In JPCM’s first featured author interview we ask Emilio Artacho about his work and life in physics. A computational and theoretical condensed matter physicist at the University of Cambridge and CIC nanoGUNE in Spain, he studies oxide heterostructures, liquid water and interfaces, as well as and non-adiabatic processes related to radiation damage of materials.
Q: What research projects are you and your group currently working on?
We work in the first-principles simulations of condensed matter. In addition to methodological advances we are focusing mainly on three lines. (i) The simulation and understanding of non-adiabatic effects in radiation-damage processes, with the ambition of addressing fundamentals in the context of nuclear materials and of radiation damage in living tissue. (ii) Hydration and nano-confined water, with an ambition of pushing our understanding of hydration in bio, geo and nano contexts. (iii) Functional oxide materials.
Q: What motivated you to pursue this field of research?
Ten wonderful years at the Department of Earth Sciences in the University of Cambridge made me face problems motivated by nature and the environment. The radiation-damage line started there within a wider project in the department of finding good solutions for nuclear waste, a pressing environmental problem even if only considering legacy waste, irrespective of whether nuclear power is used in the future. The nano-scale hydration problem also arose very naturally in the geo context, although it is much broader, and oxide materials in general was a recurring theme in that environment. My present research environment at Nanogune, a top nano-science institute in San Sebastian, Spain, and in the Basque Foundation for Science (Ikerbasque) offer great opportunities for the development of these lines in different, stimulating contexts.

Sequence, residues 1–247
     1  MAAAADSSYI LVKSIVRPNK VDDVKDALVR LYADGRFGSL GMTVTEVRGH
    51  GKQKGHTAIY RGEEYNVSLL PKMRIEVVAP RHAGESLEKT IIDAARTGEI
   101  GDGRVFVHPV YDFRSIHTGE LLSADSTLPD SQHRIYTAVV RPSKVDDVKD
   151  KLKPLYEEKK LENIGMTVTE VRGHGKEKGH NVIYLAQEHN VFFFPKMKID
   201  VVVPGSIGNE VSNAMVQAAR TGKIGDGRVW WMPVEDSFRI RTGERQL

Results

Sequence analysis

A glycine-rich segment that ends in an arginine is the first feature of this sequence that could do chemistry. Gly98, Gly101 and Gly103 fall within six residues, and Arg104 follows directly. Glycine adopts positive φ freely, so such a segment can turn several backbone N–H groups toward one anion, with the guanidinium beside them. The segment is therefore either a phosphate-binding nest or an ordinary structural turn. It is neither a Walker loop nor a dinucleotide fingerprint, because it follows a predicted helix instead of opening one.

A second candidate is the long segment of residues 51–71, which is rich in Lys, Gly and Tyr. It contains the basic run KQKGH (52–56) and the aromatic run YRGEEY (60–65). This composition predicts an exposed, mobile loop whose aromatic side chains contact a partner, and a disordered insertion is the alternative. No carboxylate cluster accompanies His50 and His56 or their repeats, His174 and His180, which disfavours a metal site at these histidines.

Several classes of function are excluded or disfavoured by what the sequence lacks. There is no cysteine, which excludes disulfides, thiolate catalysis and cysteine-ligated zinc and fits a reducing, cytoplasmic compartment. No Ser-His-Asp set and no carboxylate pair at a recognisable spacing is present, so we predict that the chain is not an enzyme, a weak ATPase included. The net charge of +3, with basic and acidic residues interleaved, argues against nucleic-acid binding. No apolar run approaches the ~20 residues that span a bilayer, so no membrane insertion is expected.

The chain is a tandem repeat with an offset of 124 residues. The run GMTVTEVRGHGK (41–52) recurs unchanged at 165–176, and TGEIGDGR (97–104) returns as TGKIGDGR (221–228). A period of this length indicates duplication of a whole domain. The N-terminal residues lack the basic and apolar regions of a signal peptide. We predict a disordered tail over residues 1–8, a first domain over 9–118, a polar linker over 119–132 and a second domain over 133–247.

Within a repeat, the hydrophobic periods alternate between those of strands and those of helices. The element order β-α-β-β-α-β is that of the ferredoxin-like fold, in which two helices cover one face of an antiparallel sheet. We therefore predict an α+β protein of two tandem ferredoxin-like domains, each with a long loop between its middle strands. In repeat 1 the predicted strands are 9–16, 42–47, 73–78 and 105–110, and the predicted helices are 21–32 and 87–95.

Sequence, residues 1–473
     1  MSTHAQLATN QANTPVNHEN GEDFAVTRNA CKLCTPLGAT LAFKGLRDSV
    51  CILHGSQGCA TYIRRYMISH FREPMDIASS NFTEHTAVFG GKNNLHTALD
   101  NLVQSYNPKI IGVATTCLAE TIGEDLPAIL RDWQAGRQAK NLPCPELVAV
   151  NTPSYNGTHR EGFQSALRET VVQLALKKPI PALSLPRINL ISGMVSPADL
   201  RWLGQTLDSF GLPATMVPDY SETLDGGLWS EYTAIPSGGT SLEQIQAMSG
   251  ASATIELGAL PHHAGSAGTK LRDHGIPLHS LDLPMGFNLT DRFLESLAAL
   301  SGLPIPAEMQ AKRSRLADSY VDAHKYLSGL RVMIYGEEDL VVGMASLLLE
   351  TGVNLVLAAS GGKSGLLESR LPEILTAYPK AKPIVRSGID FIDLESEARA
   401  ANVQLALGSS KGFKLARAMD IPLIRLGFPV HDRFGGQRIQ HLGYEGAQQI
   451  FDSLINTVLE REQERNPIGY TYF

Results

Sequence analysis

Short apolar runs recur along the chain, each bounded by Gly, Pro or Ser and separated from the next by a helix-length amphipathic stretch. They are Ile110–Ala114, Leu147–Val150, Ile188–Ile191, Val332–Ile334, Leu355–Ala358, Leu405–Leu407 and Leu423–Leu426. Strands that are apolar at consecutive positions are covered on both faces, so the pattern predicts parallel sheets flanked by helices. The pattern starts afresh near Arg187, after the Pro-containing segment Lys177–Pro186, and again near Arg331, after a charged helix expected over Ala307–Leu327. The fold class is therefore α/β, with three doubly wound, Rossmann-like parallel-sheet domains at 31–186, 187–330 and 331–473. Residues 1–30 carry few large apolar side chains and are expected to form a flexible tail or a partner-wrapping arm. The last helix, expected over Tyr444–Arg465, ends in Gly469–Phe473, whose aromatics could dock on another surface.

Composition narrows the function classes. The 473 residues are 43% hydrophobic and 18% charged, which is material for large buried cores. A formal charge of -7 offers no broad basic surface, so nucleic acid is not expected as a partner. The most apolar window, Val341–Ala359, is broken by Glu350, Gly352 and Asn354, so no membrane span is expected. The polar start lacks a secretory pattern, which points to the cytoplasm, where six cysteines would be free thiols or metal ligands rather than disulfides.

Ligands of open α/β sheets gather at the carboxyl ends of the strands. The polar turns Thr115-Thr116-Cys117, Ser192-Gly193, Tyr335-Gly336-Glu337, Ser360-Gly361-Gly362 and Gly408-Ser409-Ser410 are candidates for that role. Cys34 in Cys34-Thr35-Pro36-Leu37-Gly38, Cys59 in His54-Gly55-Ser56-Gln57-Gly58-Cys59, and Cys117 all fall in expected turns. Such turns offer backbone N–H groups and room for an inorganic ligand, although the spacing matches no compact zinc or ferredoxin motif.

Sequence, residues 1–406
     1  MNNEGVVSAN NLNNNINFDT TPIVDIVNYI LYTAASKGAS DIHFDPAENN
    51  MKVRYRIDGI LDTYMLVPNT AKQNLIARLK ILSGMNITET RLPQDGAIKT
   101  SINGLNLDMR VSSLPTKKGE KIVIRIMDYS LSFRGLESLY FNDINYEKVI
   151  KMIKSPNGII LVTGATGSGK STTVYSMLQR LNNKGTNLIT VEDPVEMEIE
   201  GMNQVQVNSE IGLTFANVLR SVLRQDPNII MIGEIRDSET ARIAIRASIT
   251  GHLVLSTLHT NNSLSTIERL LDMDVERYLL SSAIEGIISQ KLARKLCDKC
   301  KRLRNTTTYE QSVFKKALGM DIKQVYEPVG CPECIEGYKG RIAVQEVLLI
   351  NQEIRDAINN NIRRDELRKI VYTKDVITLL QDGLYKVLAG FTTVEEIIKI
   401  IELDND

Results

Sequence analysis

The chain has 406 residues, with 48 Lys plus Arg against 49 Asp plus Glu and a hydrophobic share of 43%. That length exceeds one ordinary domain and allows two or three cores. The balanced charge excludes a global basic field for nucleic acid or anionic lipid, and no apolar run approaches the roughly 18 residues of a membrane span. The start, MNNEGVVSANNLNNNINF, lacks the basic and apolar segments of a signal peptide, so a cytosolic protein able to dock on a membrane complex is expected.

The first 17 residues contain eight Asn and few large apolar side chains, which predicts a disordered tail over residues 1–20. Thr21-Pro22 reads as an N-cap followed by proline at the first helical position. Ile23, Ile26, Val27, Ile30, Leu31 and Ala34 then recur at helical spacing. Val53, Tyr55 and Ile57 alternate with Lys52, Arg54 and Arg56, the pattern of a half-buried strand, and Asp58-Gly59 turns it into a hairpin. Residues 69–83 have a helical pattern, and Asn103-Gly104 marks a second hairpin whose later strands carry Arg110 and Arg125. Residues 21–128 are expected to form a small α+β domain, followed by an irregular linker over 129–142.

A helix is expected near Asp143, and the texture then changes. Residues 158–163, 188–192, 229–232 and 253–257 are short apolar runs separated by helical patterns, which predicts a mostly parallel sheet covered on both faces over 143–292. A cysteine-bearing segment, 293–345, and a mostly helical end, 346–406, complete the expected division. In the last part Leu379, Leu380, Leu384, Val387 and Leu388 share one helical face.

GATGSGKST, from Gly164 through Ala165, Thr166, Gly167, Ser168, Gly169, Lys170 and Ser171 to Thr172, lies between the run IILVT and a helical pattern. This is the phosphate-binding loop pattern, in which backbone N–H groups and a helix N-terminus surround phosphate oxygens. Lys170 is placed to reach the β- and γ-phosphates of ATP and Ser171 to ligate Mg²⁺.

Q: Where do you think this field is heading?
The first-principles simulation of condensed matter has expanded immensely in the last two decades. Developments in efficiency, in which I have participated, allowed the introduction of such simulations to many sciences beyond physics. Such methods are improving in accuracy, in efficiency (allowing the study of even more complex systems) and in functionality (more properties of condensed matter are becoming amenable to first-principles simulations). Our non-adiabatic techniques are starting in some niche applications, but they should soon expand to wider contexts. Key challenges we are facing relate to emerging phenomena (especially as related to highly correlated electrons) and the effective spanning of time scales.
Q: What current problem facing humanity would you like science to provide a solution to?
Q: What interests you outside of science?
Films, literature and hiking.
Q: What advice would you give to young scientists?
There are obvious traits that are easy to relate to success in science, such as intelligence, creativity, communication skills, self-confidence, ambition. My more specific advice would be for passion and honesty. One’s passion for good (and honest) science should govern one’s ambition, and not the other way around. One corollary: the systematically following flares of fashion can make apparently brilliant careers, but it is never the making of a good scientist.
On behalf of the journal I would like to thank Emilio for answering our questions and for publishing his most recent work with us, “Effects of stoichiometeric doping in superconducting Bi-O-S compounds”. You can read the full paper, J. Phys.: Condens. Matter 27 135501, now.
This work is licensed under a Creative Commons Attribution 3.0 Unported License
Image copyright Emilio Artacho; used with permission.
Categories: Journal of Physics: Condensed Matter